Of course for some this may seem like a gimmick, and yes it is very tongue in cheek at times, but here Trepalium have fine-tuned their vision and given their strongest, most immediate and enjoyable release to date. A strong reminder of both extreme metal’s (and jazz’s) knack for experimentation and of both genre’s ever crossing roads.
Considering the frenetic nature and the multiple personalities of Between The Buried & Me, it really is little surprise that the members have other musical ventures that they wish to explore. Earlier in the year bassist Dan Briggs revealed his avant-garde, frenzied Jazz project Trioscapes, and now vocalist Tommy Rogers presents his own project, Thomas Giles. Where Trioscapes channels the band’s dissonant and more challenging side however, Modern Noise (Metal Blade) offers the more tuneful, accessible persona, even if it does show its own restlessness.
Modern Noise is, in comparison to the other aforementioned acts, a more streamlined and simpler affair but it still shows Rogers’ wide and eclectic tastes and influences. Album opener ‘Wise And Silent’ is a dose of ambient electronica for example, which contrasts entirely to ‘Siphon The Bad Blood’ which has a much more traditional rock feel, with its rumbling bass riff and punchy chorus. A huge comparison has to be made with Faith No More in the sense of doing multiple genres and styles on one album; and of course in Rogers’ Patton aping delivery on the jazzy lounge number ‘Blueberry Queen’.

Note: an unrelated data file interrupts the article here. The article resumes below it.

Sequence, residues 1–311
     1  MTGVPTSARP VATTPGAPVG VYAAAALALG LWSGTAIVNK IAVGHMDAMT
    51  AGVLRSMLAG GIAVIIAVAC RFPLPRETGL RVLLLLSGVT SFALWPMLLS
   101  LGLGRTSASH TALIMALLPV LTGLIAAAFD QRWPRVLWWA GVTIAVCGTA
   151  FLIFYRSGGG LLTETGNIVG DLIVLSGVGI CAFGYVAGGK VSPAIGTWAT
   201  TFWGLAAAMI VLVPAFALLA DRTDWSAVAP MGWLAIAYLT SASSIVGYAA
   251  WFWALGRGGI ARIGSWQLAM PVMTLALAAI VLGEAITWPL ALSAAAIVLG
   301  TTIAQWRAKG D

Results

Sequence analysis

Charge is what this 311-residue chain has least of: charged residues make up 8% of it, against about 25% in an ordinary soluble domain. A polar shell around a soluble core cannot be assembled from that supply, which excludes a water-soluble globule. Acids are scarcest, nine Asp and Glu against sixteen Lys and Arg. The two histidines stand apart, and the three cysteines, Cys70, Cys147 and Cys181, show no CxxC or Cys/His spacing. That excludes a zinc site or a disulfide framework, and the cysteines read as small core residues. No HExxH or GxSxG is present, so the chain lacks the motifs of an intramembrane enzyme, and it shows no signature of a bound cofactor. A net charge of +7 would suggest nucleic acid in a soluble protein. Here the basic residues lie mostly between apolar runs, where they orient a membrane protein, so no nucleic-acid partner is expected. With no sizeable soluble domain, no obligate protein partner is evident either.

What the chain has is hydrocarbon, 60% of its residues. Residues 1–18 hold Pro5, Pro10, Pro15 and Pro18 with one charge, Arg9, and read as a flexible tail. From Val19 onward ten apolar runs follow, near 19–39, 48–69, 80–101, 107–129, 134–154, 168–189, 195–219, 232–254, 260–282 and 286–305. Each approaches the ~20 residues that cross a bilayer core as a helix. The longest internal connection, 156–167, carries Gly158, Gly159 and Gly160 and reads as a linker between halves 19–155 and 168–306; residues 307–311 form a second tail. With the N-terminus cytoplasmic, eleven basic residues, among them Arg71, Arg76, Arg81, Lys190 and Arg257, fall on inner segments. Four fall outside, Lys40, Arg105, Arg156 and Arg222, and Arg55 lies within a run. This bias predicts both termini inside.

Of course Rogers’ vocals are so distinctive that this will always draw gazes towards BTBAM but where this release does distance itself is in the lack of heaviness; no signs of death metal or growls whatsoever, moving instead towards a warmer, more airy atmosphere. On the likes of ‘I Appear Disappear’ and ‘Wander Drug’ there is even a likeness to bands of the Radiohead influence of softer, more emotion driven Prog such as The Pineapple Thief.
An album with an array of influences and styles present in such a concise manner, with those immediately recognizable pipes on it, was always going to be heavily compared to the mothership act; but this does enough to walk on its own feet. Numerous listens reveal different intricacies and an alternate variety of sounds than BTBAM, approached in a more streamlined manner, yet still offers enough for those who demand their music to be thought provoking.